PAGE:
The Walden Effect: Farming, simple living, permaculture, and invention.

Chicken Potstickers

Wrappers:
Chicken potstickers

  • 2 c. flour
  • 1/4 tsp. salt
  • 3/4 c. boiling water

Combine flour and salt in the food processor.  Add the boiling water and blend for about 15-20 seconds.  Knead for 2 minutes until the dough is smooth.  Rest for 30 minutes under a towel.

Filling:

  • 1 c. chopped cabbage
  • 1/8 c. spinach or swiss chard
  • 1/2 lb. ground chicken meat*
  • 1/4 tsp. ginger
  • 1 tbsp. green onion tops (2-3 onion leaves)
  • 1/2 tsp. salt
  • 1/4 tsp. sugar
  • 1/8 tsp. pepper
  • 1/2 tbsp. light soy sauce
  • 1/2 tbsp. vinegar
  • 1/2 tsp. oil
  • 3/4 tsp. cornstarch

Put all filling ingredients in the food processor (no need to wash it from the dough) and blend until well blended. 

Use a pasta machine to roll out the potsticker dough:

  1. Cut dough into eighths.
  2. Put each piece of dough through the machine on the thickest setting.
  3. Put each piece of dough through the machine on the third thickest setting.
  4. Put each piece of dough through the machine on the second to thinnest setting.

Then form the potstickers by cutting dough into square pieces about two inches on a side.  Spoon about a tablespoon of filling into the center of the square (enough so that the potsticker is plump but isn't hard to close) and pull up four corners to the top and pinch them together.  Then pinch the seams closed.  Continue until all of potstickers have been made.

Heat up two large skillets on medium-high.  Pour enough oil into each skillet to cover the bottom and place the potstickers in the skillets.  Cook for about one minute until the bottoms are brown.  Then pour about 1/4 to 1/2 inch of water into each skillet, cover, lower heat to low, and cook for 8 minutes until done..  (You can use chicken broth instead of water, which is even tastier but makes the potstickers stick to the pan.)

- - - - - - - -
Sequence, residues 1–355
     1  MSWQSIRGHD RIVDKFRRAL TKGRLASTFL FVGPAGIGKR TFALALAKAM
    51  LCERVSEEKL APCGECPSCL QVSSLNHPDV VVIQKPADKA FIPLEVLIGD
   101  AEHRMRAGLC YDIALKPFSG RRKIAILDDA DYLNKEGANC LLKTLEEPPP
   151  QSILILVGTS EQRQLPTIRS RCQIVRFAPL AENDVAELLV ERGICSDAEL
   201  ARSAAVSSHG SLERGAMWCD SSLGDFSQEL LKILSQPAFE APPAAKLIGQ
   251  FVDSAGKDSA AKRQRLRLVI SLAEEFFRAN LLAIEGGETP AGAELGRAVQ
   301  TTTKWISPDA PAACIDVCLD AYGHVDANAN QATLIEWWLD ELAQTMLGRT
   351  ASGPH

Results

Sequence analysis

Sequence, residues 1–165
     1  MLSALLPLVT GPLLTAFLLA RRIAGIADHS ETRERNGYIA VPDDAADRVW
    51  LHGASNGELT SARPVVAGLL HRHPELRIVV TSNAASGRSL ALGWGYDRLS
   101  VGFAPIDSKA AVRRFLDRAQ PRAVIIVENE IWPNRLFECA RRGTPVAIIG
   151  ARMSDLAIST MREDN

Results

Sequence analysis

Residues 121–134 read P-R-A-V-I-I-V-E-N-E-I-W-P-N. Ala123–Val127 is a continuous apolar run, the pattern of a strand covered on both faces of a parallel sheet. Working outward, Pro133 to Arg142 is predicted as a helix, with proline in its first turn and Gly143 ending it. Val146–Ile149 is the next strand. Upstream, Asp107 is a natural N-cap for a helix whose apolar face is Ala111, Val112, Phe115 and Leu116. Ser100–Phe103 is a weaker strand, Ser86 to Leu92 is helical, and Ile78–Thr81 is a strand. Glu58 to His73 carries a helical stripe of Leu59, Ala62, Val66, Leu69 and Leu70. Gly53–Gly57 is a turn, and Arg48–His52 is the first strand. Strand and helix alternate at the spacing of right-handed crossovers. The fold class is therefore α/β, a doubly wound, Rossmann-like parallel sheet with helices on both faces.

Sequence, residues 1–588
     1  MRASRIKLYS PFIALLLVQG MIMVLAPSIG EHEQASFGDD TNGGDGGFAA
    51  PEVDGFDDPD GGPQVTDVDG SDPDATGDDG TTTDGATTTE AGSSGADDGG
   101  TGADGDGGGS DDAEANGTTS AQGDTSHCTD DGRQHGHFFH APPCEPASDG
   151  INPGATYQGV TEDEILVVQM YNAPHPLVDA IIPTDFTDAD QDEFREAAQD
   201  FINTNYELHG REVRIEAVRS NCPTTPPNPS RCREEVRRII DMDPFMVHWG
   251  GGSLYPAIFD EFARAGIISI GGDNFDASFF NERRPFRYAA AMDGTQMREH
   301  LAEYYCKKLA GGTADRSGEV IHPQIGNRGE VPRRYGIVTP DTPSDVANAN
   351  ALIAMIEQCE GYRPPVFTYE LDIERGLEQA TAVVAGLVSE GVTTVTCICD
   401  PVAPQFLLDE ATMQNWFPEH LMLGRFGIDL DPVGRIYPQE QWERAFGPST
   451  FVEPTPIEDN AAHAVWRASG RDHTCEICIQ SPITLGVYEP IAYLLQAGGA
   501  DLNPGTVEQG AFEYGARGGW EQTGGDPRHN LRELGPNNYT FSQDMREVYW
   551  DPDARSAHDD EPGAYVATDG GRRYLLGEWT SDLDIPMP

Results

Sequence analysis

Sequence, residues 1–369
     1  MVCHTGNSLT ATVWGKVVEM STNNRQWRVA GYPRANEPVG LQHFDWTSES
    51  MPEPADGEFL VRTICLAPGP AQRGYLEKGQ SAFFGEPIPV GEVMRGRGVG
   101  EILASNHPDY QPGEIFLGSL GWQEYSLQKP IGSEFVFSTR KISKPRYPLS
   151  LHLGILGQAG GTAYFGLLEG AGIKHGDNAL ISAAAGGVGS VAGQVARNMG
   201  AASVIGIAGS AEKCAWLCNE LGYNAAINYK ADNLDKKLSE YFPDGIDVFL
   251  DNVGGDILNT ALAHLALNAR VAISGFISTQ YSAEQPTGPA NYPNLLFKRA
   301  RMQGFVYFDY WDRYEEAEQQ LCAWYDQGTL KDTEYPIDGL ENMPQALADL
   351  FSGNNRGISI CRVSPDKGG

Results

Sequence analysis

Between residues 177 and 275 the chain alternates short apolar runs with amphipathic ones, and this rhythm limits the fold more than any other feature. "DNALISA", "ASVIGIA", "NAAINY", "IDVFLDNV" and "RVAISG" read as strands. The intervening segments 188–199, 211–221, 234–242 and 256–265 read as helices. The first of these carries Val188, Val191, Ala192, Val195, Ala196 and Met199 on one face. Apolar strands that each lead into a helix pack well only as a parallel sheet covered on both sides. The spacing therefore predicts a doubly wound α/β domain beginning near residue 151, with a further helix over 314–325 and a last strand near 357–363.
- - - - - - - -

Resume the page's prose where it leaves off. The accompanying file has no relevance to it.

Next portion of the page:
Serves 2-3 as a main course.

* We often find ground chicken or turkey reduced to a very low price in the grocery store.  When we do, we buy it all, pack it in half pound sections, and freeze it.  It thaws very quickly in the microwave and is a very easy meat to cook with.



Read other posts about killing and eating your own chickens:

And don't miss Mark's homemade chicken waterer invention.





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About us: Anna Hess and Mark Hamilton spent over a decade living self-sufficiently in the mountains of Virginia before moving north to start over from scratch in the foothills of Ohio. They've experimented with permaculture, no-till gardening, trailersteading, home-based microbusinesses and much more, writing about their adventures in both blogs and books.



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